The recent collapses of Silvergate, Silicon Valley Bank, and Signature Bank highlight the contagion risk between the cryptocurrency industry and traditional banking that regulators have warned about.
But in these instances, the contagion flowed in the opposite direction anticipated by regulators—from traditional finance to the crypto industry.
In particular, after SVB’s formal collapse on March 10, $3.3 billion of reserves backing Circle Internet Financial’s widely popular USDC stablecoin held by the bank were made temporarily unavailable. This amount was approximately 8% of Circle’s total USDC reserves of approximately $42 billion—most of which it maintained in short-term Treasury bills.
Initial concerns that Circle might only recover $250,000 of its reserves at SVB—the maximum amount guaranteed for repayment by the Federal Deposit Insurance Corporation—caused USDC’s price to decline to approximately $.88, a significant discount to USDC’s ordinary value of $1.
However, the price of USDC reverted back to its ordinary and expected $1—after a joint March 12 statement by Treasury Secretary Janet Yellen and US prudential regulators that all depositors at both SVB and Signature Bank would be made whole.
Collapse Unlinked From Crypto
Although Silverbank had crypto-industry enterprises as customers, and SVB and Signature Bank did to a lesser extent, their collapse ultimately had little to do with recent turmoil in the crypto industry. According to one published report, the New York Department of Financial Services said the agency’s decisions to shut down Signature Bank “had nothing to do with crypto.”
Instead, these factors hastened the banks’ demise:
- The failure of each institution’s management to adequately address rapidly increasing interest rates prompted by recent Federal Reserve policies to combat inflation.
- The resulting decreased value of longer-term Treasury securities held by the banks as investments.
- Losses taken by the banks when they were required to liquidate their longer-term Treasury securities that were trading below their cost to meet cascading withdrawal demands by depositors when rumors regarding the banks’ solvency began circulating. With SVB, particularly, these losses were obfuscated on the bank’s balance sheet by booking such assets on a held-to-maturity basis, obviating the need to disclose market-to-market losses on an ongoing basis.
Moreover, the banks’ damage from these circumstances was probably exacerbated by the snowball effect of customers’ ability to request near-instantaneous transfers of their deposits to other banks remotely relying on internet applications.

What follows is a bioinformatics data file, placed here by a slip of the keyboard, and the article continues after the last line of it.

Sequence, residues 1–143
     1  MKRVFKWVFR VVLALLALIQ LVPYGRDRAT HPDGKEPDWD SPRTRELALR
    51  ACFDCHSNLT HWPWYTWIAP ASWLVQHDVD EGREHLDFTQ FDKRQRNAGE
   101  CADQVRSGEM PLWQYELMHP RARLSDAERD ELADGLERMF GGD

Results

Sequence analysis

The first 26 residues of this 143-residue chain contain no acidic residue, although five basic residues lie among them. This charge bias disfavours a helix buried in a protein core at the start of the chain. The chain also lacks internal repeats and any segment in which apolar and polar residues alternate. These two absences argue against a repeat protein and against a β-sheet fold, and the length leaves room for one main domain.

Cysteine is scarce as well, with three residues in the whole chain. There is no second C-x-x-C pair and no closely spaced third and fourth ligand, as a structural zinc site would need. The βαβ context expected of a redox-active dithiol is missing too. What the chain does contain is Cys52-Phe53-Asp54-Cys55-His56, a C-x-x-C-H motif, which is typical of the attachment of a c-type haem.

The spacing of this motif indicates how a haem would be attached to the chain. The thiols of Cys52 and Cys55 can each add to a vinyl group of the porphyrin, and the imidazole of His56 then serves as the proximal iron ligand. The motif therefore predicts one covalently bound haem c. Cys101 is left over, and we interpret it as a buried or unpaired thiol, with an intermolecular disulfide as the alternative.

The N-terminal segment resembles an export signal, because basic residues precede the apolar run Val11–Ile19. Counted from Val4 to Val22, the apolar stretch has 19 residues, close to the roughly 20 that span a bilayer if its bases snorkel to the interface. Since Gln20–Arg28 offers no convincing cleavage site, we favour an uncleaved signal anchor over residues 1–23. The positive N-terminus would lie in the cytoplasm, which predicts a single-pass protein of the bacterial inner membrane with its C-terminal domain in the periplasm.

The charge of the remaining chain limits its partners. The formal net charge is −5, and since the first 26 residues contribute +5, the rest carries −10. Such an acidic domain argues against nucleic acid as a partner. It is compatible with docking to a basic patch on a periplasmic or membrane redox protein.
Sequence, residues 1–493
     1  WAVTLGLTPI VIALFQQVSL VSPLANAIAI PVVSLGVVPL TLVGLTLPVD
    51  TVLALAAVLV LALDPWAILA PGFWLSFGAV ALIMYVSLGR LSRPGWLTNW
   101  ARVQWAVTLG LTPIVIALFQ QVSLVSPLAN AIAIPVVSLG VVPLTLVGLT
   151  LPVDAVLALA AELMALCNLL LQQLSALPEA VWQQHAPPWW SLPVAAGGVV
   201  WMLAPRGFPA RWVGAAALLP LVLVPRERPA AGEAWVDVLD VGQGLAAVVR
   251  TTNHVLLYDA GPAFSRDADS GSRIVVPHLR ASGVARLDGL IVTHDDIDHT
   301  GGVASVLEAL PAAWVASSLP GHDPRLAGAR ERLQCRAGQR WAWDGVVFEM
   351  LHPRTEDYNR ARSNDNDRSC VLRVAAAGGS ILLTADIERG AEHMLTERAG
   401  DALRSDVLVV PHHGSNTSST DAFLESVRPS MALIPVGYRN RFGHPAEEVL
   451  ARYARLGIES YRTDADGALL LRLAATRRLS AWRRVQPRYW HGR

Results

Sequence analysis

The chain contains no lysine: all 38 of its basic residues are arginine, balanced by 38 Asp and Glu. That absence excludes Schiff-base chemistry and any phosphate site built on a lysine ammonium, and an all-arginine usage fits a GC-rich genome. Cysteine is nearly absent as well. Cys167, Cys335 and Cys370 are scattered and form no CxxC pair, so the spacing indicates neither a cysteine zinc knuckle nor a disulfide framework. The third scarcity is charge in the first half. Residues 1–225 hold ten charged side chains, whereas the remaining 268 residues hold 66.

According to media reports, it now appears that the Federal Reserve expressed serious concerns about SVB’s business model and risk management controls since 2019, and most recently, regarding the bank’s financial condition—and took insufficient measures to counter the problems it identified.
These recent events stand in contrast to express concerns regarding stablecoins articulated by the Financial Stability Oversight Council in October 2022 when it noted that “[t]raditional asset markets could experience dislocation if stablecoin activities were to obtain significant scale and if runs on stablecoins were to lead to fire sales of traditional assets backing the stablecoins.”
The FSOC was correct to raise such concerns, but appears wrong to have limited its concerns only to stablecoins. It turns out that traditional banks with bad risk management are prone to identical problems.
Regulators Warn Banks Against Crypto
Twice this year, the Federal Reserve, the FDIC, and the Office of the Comptroller of the Currency issued joint statements discouraging traditional banks from engaging in business with crypto industry entities. In one statement, the regulators highlighted purported volatility risks of crypto enterprises, focusing on alleged unique risks of the sectors such as fraud and scams, legal uncertainties, run risk of stablecoins, and lack of maturity in risk management and governance practices.
The regulators cautioned that banking organizations “are neither prohibited nor discouraged from providing banking services to customers of any specific class or type, as permitted by law or regulation.” But these joint statements discouraged banks from engaging with crypto-industry customers, and scared away potential investors from investing in banks with crypto-industry clients.
Indeed, the availability of legitimate US-based traditional banking institutions for crypto-entities has significantly declined after the demise of Silver and Signature banks. This has caused great disruption to such enterprises and forced some crypto institutions to reluctantly consider initiating relationships with non-US banks.
The crypto industry requires more effective regulation. But traditional banking regulators should stop solely warning about the potential contagion from the crypto-industry to traditional finance and discouraging such banks from doing business with crypto-industry companies. Financial regulators must additionally consider how to enhance risk management practices of traditionally financed banks and the regulatory oversight of traditional banking entities.
This article does not necessarily reflect the opinion of Bloomberg Industry Group, Inc., the publisher of Bloomberg Law and Bloomberg Tax, or its owners.
Daniel J. Davis, former CFTC general counsel, is a partner at Katten Muchin Rosenman.
Gary DeWaal is senior counsel to Katten Muchin Rosenman.